Labour Market Information/Intelligence (LMI) are terms that can sound a little dry. You might think that they involve detailed data around employment rates, salaries and industry demand. Which of course they do. But it’s also a lot more. If you’re wondering how to use LMI in your job search and/or career planning, then read on!
First let’s think about the distinction between information and intelligence. Information is the raw data, gathered from original sources, for example the Office of National Statistics (ONS). You can trust that this information is reliable. You can’t however trust that it will be in the most user –friendly format. Which brings us onto labour market intelligence. Thankfully there are kindly people out there who will take the raw data, analyse it and quite often summarise their relevant findings. And how could this benefit you? It could give you an insight into new and emerging industries and an idea of employment numbers in established fields. It may even show you where the gaps in the market might lie; now and in the future.
Chances are you’ve used your own LMI to make career and work decisions in the past, even if you haven’t heard the term before. As well as raw and analysed data, LMI refers to any knowledge you may have about how the labour market works; its structure and your place within it. How did you find your last or current job, course or PhD? Did you search online or was it through word of mouth? Where do you think the next opportunities might arise? Consider how you answered the last question – what information and experience did you draw on.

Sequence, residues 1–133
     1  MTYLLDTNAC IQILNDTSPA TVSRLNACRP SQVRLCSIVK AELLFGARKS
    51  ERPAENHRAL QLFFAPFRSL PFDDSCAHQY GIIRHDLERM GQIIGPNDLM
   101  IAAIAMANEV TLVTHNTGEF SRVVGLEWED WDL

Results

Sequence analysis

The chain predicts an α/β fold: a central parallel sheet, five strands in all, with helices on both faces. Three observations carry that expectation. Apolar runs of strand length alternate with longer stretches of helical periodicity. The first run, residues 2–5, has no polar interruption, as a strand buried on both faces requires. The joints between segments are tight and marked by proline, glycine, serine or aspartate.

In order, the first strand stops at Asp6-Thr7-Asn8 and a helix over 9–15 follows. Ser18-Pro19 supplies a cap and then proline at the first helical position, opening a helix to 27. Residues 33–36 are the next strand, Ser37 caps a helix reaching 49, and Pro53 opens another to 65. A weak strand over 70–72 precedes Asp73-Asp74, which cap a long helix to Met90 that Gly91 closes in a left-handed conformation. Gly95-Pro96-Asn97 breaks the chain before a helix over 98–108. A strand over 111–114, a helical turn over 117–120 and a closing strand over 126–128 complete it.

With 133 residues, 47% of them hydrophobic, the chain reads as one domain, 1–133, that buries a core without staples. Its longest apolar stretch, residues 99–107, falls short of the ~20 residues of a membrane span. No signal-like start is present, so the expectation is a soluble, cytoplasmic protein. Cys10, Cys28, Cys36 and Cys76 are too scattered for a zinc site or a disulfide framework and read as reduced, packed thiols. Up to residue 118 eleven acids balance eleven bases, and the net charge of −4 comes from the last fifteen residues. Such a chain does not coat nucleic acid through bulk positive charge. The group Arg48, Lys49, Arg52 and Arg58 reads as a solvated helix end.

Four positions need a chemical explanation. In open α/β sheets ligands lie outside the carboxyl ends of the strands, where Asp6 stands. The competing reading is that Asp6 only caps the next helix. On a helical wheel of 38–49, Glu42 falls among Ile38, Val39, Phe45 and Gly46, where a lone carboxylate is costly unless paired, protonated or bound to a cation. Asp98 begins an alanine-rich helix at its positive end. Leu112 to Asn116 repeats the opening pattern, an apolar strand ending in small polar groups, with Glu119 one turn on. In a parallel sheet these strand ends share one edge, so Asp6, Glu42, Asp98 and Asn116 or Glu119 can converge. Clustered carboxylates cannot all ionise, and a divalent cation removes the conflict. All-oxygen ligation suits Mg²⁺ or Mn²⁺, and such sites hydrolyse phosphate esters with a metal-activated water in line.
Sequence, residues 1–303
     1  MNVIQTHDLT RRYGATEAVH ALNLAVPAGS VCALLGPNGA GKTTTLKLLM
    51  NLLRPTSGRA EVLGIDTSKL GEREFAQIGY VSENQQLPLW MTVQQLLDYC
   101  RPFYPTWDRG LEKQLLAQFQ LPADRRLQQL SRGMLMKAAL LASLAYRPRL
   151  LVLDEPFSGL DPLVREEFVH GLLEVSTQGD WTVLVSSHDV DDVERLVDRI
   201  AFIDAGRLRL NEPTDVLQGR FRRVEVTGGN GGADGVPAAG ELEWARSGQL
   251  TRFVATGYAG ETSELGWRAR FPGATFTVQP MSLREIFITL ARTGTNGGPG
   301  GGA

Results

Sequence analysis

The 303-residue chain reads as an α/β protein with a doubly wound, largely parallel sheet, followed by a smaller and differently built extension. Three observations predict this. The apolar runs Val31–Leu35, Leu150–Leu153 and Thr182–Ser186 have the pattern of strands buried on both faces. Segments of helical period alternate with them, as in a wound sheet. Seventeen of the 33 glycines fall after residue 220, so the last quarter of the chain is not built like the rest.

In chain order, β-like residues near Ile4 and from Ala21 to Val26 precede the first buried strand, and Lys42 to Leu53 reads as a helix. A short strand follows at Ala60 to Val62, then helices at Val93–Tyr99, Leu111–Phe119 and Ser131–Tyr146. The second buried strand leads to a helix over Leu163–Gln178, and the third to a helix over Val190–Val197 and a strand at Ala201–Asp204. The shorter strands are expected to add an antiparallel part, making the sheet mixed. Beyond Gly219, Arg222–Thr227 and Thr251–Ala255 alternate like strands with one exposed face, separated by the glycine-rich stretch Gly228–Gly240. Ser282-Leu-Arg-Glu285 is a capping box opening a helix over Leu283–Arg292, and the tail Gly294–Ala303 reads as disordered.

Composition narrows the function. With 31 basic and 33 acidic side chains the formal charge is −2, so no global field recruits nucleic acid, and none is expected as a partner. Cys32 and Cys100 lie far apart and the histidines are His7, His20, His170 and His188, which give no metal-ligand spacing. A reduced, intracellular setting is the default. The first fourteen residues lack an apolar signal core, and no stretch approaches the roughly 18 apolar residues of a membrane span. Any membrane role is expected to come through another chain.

Using an LMI focused approach can enable you to get a clear picture of how your chosen field lives, breathes and grows. Once you gain and maintain this knowledge you will be in the best position when it comes to making choices and moving on.
It’s a useful reflective exercise to do even if you’re not thinking about making any changes. Mapping your industry can be done in your mind or physically on paper. You could start by researching a variety of sources, such as recruitment agencies, the job centre (and other centralised services), newspapers, potential employers and industry organisations/publications. Then add to this your own anecdotal knowledge. Speak to colleagues and anyone else who works in the field.
This will be guess work to an extent; LMI won’t predict your future, or the future of your industry. But it will be educated guess work, helping you hone your intuition and encourage a little planned happenstance. It’s worth considering the reliability of your source when you’re researching. How recent is the information? Who published it? Reflect on the motive of the author – do they want to inform, or persuade? Not all sources are impartial.
There’s nothing definitive about LMI and it may take a little digging around to get the information or opinion that you want. But by drawing on a variety of sources you should be able to create an LMI map of your industry and plot your path within it. And who knows where that could lead you!